Digital dermatitis emerges in beef cattle

Digital dermatitis is a painful foot condition that causes severe lameness in cattle.

This highly contagious disease was first described in Italy in 1974 and has since spread around the world, primarily within dairy cattle.

However, the disease is also becoming an emerging threat in beef cattle.

It is most common in cattle kept in confinement, and although it can affect breeding cows, it has been identified primarily in feedlot cattle within the beef industry.

A research study in 2000 in southeastern United States identified digital dermatitis in 29 percent of culled dairy cattle at the packing plant. The same study said four percent of culled adult beef cattle had lesions of digital dermatitis.

Outbreaks have been anecdotally reported in feedlots in Western Canada.

Digital dermatitis goes by many names including strawberry foot rot, raspberry heel, foot wart and hairy heel wart.

The hind legs are affected in 85 percent of cases.

These lesions may appear initially as a raw, red, oval ulcer on the back of the heel just above or at the coronary band.

Many of them often develop raised, hair-like projections or wart-like lesions, and some may extend up between the claws or appear on the front of the foot.

These raw skin lesions are incredibly painful, and cows will dramatically alter their gait and posture to avoid putting pressure on them. Animals will walk on their toes because the lesion is usually at the heel, which may cause the hoof on the heels to overgrow.

This condition may resemble a wart, but it isn’t because warts are caused by a virus. This disease is caused by a bacterium in the “spirochete” family called treponema.

Researchers still disagree about whether other pathogens are in-volved, but treponema has been the primary organism associated with digital dermatitis.

There are likely predisposing factors such as immunity, infectious and environmental components.

Wet conditions and constant moisture with manure contamination are probably responsible for softening the skin and allowing the organism to penetrate the skin surface.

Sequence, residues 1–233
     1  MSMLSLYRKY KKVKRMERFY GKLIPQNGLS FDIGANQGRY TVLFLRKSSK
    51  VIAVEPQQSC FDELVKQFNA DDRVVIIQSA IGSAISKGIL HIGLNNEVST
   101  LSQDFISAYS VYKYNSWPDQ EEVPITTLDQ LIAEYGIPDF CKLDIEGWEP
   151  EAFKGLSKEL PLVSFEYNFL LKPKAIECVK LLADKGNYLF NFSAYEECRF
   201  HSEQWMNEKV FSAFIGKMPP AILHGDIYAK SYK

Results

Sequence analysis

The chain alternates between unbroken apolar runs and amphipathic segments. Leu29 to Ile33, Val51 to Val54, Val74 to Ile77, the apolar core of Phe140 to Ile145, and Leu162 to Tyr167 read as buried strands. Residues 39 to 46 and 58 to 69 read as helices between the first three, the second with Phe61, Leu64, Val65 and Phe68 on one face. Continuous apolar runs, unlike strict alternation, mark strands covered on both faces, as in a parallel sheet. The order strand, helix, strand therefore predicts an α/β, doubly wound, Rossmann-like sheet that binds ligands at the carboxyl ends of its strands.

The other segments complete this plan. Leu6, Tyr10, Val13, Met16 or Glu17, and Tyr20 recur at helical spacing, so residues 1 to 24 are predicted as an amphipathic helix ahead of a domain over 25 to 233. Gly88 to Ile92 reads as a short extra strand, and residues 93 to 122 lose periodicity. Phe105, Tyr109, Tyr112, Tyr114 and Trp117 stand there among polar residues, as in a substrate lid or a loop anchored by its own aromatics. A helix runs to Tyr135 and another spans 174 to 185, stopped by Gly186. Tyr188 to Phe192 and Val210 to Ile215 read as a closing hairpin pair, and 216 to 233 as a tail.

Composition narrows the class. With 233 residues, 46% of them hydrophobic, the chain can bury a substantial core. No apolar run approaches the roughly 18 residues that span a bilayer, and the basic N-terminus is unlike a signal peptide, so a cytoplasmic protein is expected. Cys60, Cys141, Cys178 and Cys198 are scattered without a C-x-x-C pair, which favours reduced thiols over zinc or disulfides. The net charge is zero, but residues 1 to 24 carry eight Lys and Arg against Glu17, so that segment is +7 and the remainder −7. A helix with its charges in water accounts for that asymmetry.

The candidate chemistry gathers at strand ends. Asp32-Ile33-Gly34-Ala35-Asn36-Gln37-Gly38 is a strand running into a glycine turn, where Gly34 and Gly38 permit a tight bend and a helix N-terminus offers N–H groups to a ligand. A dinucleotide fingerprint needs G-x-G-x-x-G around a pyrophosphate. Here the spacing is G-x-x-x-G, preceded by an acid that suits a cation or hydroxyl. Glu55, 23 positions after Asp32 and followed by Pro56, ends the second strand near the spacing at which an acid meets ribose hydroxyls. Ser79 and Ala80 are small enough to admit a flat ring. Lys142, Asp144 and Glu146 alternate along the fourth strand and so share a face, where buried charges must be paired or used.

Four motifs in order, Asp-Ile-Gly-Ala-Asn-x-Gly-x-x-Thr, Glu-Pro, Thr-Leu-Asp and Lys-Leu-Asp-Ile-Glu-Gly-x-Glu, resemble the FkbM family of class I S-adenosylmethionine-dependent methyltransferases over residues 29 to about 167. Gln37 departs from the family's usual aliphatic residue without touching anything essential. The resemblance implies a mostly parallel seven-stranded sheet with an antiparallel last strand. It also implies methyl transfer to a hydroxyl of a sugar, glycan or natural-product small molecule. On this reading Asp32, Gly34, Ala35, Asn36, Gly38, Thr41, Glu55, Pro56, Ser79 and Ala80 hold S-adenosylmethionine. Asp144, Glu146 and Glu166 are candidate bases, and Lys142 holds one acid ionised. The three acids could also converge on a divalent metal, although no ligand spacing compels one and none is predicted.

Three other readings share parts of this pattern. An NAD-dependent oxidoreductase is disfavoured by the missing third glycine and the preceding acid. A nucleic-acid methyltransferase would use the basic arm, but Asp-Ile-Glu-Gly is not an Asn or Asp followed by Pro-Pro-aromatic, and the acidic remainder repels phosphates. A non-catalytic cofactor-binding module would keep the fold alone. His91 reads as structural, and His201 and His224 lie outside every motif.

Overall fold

The disease is highly contagious and can spread rapidly and affect a large percentage of animals once introduced via the addition of new cattle into a herd.

Younger cattle tend to be more susceptible, and cases in dairy cattle tend to occur around calving. This suggests that immune system suppression may play a role in the disease.

Treatment has proven to be difficult and usually requires cleaning and drying the lesion and then applying an antibiotic on the skin in a bandage or with a topical spray.

Antibiotic sprays, which are usually a tetracycline mixture, need to be applied twice daily, which is feasible in a dairy herd but highly difficult in a feedlot setting.

Injectable antibiotics are often used in conjunction with topical treatments, but there is limited evidence that they are helpful.

Prevention is focused on hygiene and pen conditions by trying to reduce stocking density, maintaining watering and feeding areas to avoid mud and manure accumulation and managing corrals to avoid wet areas.

Foot bath solutions such as copper sulfate, zinc sulfate and formalin control the disease in dairy herds but can be difficult to manage in beef cattle.

Cattle that live in settings where manure management is difficult to achieve should walk through foot baths twice a day for at least five days a week, but this is difficult to achieve in a feedlot.

Once-a-week foot baths may be sufficient in more hygienic conditions, which is more practical in beef cattle herds.

Producers should consult a veterinarian before starting a treatment program. Foot baths require considerable effort to manage and need to be long enough and deep enough to allow for two dunks for each foot.

Researchers are attempting to create a vaccine, but results have not been promising.

Producers can attempt to prevent bringing digital dermatitis into their herds by avoiding contact with infected dairy cattle.

Hoof trimmers should disinfect their equipment between farms to avoid spreading this highly contagious disease.

John Campbell is head of Large Animal Clinical Sciences at the University of Saskatchewan’s Western College of Veterinary Medicine.


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